Notes from the Sydney Writers Festival – My Brilliant Debut Part Two

Posted on September 5, 2010 by


JS – What was your experience of the editing process?

PA – For me it was a brilliant experience. I really enjoyed it. Newer writers think editing is something to be resisted. With a good editor, they are in tune with what you are trying to do. Editors have to help the writer, they are not the enemy. For me, the editing experience was positive.

SA – Sleepers were the first editors for the book. They read it in one go and it was thrilling and exciting to have people actually ‘get’ my book.  

With the international rights I went with Pantheon and they wanted first and last page changes. I had to explain it to them, and after the explanation they got the book and were happy for the book to remain intact, but the experience made me nervous and gave me the feeling I wasn’t understood.

 KT – I had a positive editing experience. My attitude to editing changed while working on the book, and I actually changed the ending of the book in response to the readers and editors that I was using. I had an open-ended ending, and I had to change it to a resolution. The feedback about the ending helped me find the right way to construct the book.

Try to keep an open mind about the editing process. A lot of the time the suggestions I was offered really worked. Then the copy editing taught me a lot about stylistic tricks. Remember you are not in a competition. A good editor is a fantastic ally.

JS – When did you really feel that you had a novel and it was going to be published?

PS – For me it was when I received the call that the book was going to be published, then it was when the first copy arrived and then it was seeing it on the shelf.

SA – It happened in a series of stages. It was gradual, a low-grade hum as I moved toward publication.

KT – Seeing the cover rough was a high point for me. That was also when I realised this would be a book that the publisher would take seriously, and that was important.

JS – How has the whirlwind of publicity been?

PA  – The publicity is strange, surreal. Writers write – we’re not comfortable with publicity. It makes me uncomfortable to spend s much time talking about writing and so little time actually writing and reading.

KT – The author persona is different. It’s hard to find your way back to the writing process after you’ve been out of it at festivals and giving interviews.  It’s similar to the world of academia. Coming from academia is hard; it can feel negative t be a writer. Coming to a festival as a writer is celebrity is good and is positive.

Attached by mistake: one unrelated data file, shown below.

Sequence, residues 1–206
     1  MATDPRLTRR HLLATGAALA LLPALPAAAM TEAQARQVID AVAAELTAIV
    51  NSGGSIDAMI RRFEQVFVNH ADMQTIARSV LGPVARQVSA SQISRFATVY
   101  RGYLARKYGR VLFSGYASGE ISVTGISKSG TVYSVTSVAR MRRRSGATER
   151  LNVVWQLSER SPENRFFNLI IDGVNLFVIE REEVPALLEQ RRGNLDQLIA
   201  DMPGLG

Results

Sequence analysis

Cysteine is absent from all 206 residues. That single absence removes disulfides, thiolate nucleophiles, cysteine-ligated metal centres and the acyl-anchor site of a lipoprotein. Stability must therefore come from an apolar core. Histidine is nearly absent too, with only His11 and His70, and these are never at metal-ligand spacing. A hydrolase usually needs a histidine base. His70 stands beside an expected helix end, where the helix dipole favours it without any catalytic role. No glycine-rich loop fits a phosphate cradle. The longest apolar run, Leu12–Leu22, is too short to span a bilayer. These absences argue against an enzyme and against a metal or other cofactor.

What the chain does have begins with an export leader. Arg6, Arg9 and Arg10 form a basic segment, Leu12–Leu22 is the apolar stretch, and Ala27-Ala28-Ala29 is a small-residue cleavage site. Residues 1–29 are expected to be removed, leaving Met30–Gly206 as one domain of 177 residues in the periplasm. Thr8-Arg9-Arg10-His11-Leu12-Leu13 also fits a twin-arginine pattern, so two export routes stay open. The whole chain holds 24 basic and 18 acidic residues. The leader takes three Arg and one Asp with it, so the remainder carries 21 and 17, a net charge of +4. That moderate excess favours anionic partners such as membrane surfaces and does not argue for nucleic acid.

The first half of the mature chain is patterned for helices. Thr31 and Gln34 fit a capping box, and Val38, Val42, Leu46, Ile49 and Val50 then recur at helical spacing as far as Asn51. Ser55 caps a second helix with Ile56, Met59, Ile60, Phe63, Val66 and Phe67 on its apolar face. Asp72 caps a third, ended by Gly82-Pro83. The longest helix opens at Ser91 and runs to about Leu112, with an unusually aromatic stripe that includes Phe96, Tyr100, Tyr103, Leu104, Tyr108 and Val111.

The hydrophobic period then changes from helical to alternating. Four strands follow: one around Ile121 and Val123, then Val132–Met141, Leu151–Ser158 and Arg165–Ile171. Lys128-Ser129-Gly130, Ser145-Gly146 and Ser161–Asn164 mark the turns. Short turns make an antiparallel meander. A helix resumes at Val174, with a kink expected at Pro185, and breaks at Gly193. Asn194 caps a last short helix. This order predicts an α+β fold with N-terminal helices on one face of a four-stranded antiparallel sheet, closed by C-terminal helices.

SA – Winning the Age Book of the Year helped. Sleepers were a great publisher in this respect as well. The book got read and it got reviews and I was asked to do interviews. I have now become much better at public speaking.


JS – What do you think of reviews? Did you relate positively to reviews?

PA – The positive reviews encapsulated the novel well. Negative reviews were primarily against the politics. I treated a difficult subject with some humour and there were some reviews that didn’t take too kindly to this.

SA – There were different interpretations in the reviews. You do see people who have an incorrect reading of the book and you have to find a way to just let that go and get on.

KT – its good when a reviewer is sympathetic. I received mixed reviews and that is very frustrating as Steve says. You have to let that go. Because there was a lot of hype around my novel people can be overtly critical. It can make you vulnerable.

PA – writing is a communal act.

SA – The writing process is so favourable; it doesn’t really prepare you for bad reviews.

KT – I have learnt to be a lot more relaxed about the whole thing.

Comments that came from questions from the floor:

PA – I worked with John Coetzee and he read for me. That relationship is very private and I don’t want to speak about it, but as a reader he was excellent. He reads slowly and very precisely. It taught me the value of a very good reader.

SA – From an early age, being the son of an agent, I watched the slush pile. It was a double-edged sword. It taught me a lot about writing, but it also intimidated me. I had to move to Australia to find the courage to write.

KT – I grew up in the shadow of the slush pile as well and I had the same complication. But mostly the slush pile taught me that a good book is in originality and in strength of voice; that became very important for my writing.